Film Review: Crash

01 Dec Film Review: Crash

Everyone, whether consciously or unconsciously, fears crashing. Though the chances are slim, we all have that fear. Unfortunately, Crash, directed by Paul Haggis doesn’t seem to have this fear. The movie plummets straight into the ocean and never looks to resurface. Anyone planning on giving this film a go should know that it features a confusing plot, underdeveloped characters, and the standard amount of guns you can expect in any Hollywood movie. 

Crash is set in LA and follows a group of strangers whose lives intertwine over 36 hours. We learn about the funny way people’s lives can intersect without us really knowing it. Throughout the film we’re exposed to each character’s racist attitudes as they go through their lives. Take it from me when I say that if you feel bad for a character, hold onto your seat because nothing stays right side up. Everything comes full circle in the end, with a montage of every character we meet along the way. Though loose ends are haphazardly tied up, the finale is unsatisfying, only showing us that everyone is racist and that no one is going to change. 

It would be wrong to call this movie’s plot predictable, because it’s far from it. At no point will you feel that you can predict exactly how each character’s life will weave into another’s. But that’s just the problem. The weight of this plot drags the movie under. Too much is left to be deciphered that all this movie does is leave you trying to connect the dots. Until someone else draws the picture for you, you won’t understand where the plot is going. It feels like your brain has been overloaded, and all you really need is a break before you can continue. With the plot revolving around approximately 11 storylines, it’s no surprise that this is a muddled story. With all the little details and collapsed plot twists, not even the characters would be able to comprehend their own storylines. The plot is also unrealistic. You wouldn’t believe Crash is set in a world we’re very familiar with. For one thing, how could all of these people’s lives have intersected? It doesn’t seem real that they kept touching each other’s lives ‘accidentally’. The plot is puppeteering the characters and forcing them to crash into each other.    

The nonsensical plot of Crash set the scene for stereotypical and underdeveloped characters. For a movie about racism, the stereotypes each character was labelled with were pretty racist. Sure, the goal of this film was to show us that people are both victims and perpetrators of racism, but that doesn’t mean every character had to have the typical backstory. The writers seemed to be ticking off stereotypes from a list saying, “A Persian guy? Great, let’s make everyone think he’s an Arab terrorist. A Latino? What if everyone thinks he’s a homie that sells drugs?” Watching these characters in 2022 felt like a very 2000’s attempt on racism which didn’t sit well with me. The people in this film aren’t developed. It’s a big ask to give 11 characters strong arcs, and Crash fails, with every character ending up in a smoking heap. Because this film tried to cram too much in, none of the characters resonate with the audience. They’re all blank boxes filled to the brim with racism, but with no personality on the outside. Even if characters do have some flair, it fits too well with their stereotype to even feel genuine. Screen time also became an issue with characters vying for attention. Technically, all the storylines were smashed into each other, yet some arcs received little to no screen time in comparison to others. For example, the ‘China man’ barely made any appearances. While the two young black men made multiple appearances and touched nearly everyone’s lives. This botched attempt at multiple storylines just ends up crashing to the ground, because in the process of trying to create complex characters, none of them feel real.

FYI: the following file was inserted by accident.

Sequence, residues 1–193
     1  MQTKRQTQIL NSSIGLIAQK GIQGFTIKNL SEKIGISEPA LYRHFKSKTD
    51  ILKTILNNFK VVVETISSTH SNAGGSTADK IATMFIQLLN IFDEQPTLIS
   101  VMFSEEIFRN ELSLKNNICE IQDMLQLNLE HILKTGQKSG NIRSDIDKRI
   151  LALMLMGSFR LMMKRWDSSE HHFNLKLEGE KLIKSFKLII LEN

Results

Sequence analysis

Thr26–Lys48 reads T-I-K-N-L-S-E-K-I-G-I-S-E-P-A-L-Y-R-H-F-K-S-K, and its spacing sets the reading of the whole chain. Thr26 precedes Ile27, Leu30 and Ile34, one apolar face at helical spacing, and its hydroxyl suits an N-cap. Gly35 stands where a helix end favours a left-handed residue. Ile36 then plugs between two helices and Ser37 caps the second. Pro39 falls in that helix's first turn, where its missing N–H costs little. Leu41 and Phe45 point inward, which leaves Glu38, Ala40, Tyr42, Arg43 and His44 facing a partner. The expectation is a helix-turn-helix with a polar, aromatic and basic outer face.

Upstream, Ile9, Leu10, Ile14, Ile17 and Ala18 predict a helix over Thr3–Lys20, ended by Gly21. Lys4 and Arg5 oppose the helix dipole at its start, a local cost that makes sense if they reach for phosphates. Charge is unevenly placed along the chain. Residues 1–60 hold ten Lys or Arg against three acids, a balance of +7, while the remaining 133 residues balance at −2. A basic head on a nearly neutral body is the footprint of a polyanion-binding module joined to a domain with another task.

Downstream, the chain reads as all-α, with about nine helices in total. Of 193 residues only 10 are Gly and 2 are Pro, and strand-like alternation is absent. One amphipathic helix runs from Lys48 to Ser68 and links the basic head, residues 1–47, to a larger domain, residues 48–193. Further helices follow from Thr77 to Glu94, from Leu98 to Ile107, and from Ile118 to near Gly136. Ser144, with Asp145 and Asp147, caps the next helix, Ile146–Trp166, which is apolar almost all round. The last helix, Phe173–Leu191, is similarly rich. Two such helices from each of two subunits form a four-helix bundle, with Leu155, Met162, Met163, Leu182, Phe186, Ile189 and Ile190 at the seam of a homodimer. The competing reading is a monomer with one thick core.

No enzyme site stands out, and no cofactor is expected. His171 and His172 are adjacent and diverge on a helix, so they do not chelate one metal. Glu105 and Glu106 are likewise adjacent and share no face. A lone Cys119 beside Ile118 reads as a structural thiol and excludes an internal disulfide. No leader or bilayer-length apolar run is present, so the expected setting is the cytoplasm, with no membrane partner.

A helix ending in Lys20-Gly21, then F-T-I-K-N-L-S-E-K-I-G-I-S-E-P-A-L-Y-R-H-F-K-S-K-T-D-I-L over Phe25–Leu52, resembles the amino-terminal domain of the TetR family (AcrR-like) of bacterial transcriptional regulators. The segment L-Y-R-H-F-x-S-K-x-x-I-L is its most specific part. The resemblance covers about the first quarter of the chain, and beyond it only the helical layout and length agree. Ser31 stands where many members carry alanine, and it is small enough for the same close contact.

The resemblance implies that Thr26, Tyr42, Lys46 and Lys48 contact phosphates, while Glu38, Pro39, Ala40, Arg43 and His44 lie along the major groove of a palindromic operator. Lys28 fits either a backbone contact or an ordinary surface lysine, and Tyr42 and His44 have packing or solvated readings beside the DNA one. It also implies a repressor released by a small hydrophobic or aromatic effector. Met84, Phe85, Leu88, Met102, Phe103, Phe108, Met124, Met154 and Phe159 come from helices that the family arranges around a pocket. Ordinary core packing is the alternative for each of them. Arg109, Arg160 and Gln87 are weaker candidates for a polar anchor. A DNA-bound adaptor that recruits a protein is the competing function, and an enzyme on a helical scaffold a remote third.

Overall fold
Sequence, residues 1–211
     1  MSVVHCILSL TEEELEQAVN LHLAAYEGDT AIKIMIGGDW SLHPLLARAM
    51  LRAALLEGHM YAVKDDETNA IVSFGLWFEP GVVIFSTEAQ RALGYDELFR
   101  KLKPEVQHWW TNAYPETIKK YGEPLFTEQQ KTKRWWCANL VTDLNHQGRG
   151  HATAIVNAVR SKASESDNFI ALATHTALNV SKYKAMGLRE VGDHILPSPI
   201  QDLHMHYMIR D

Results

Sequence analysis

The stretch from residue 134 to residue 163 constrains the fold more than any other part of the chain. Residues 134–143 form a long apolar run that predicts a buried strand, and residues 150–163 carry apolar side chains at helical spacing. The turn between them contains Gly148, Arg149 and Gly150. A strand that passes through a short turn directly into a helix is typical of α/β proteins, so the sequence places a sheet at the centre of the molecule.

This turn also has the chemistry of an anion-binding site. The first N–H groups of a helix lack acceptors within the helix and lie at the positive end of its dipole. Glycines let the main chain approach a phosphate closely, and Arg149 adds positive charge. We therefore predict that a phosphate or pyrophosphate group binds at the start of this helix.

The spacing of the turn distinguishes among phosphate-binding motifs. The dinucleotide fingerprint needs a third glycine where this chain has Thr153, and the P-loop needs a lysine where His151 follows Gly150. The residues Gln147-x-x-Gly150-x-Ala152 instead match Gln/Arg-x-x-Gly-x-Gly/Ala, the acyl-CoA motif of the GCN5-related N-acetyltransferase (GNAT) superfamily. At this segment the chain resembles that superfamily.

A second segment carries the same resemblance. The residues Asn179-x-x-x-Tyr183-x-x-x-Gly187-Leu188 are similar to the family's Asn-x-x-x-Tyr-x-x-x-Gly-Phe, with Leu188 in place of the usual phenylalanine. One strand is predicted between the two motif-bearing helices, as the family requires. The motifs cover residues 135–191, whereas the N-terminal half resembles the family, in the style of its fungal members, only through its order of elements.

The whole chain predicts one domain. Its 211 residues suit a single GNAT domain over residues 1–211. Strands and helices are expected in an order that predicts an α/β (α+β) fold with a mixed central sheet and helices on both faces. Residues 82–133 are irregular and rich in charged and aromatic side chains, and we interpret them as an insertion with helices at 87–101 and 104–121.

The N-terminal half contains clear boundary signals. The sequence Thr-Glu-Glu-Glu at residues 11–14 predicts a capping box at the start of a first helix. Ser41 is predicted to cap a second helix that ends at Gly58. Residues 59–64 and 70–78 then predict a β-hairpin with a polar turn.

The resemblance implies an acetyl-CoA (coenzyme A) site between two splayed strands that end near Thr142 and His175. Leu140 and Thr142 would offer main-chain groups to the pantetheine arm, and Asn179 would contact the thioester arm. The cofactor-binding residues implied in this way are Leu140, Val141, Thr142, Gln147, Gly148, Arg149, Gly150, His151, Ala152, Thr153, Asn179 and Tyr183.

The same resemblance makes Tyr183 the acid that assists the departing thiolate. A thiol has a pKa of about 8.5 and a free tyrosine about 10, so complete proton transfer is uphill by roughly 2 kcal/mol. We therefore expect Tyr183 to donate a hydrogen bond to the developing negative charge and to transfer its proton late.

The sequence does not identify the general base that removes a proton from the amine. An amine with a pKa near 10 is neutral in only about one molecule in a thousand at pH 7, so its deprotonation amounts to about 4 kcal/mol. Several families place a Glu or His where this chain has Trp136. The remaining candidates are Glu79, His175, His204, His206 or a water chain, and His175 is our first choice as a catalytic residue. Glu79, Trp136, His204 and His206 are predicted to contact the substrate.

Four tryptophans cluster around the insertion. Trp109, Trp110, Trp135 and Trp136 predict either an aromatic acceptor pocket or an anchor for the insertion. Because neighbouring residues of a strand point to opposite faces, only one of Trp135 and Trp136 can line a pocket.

The symbolism of guns was the only semi-positive note from this film. Now I know this sounds terrible because the issue of guns in America isn’t a positive thing, but it shows just how much Crash could have improved. No one holding a gun in this movie gets anything good out of it, and I believe this is a positive message being sent to the audience. These weapons benefit neither the police with their power nor the average man looking for protection. These people are cowering behind their guns as if firing bullets also fires away their emotions. This is a realistic portrayal of our relationship with guns, especially in America, where guns are common. Crash finally gets one thing right by showing us the complicated relationship characters have with guns. You almost feel sorry for them until you see the wreckage in the background, the result of their evils. The power dynamic between those with guns and those without fuels the injustice we feel when people use their weapons as an excuse to do anything, as if the gun controls them. The symbolism does a better job of fleshing out the characters, and showing us that people are both good and bad than the messy plot you’ll be begging to forget. 

You can live without seeing the film Crash. The bewildering plot and unrealistic characters end up in flames. Not even the semi-positive symbolism of guns can resurrect this disaster. There are far greater films with multiple storylines out there that are better uses of your time. You’ll be happier without the excessive racism in this film that makes your blood boil, or the fake plot that makes you wonder who wrote the story. Everyone is afraid of crashing, so if you don’t want to go down with the ship you might as well cross Crash off your list.

Aaminah Ali – Year 12

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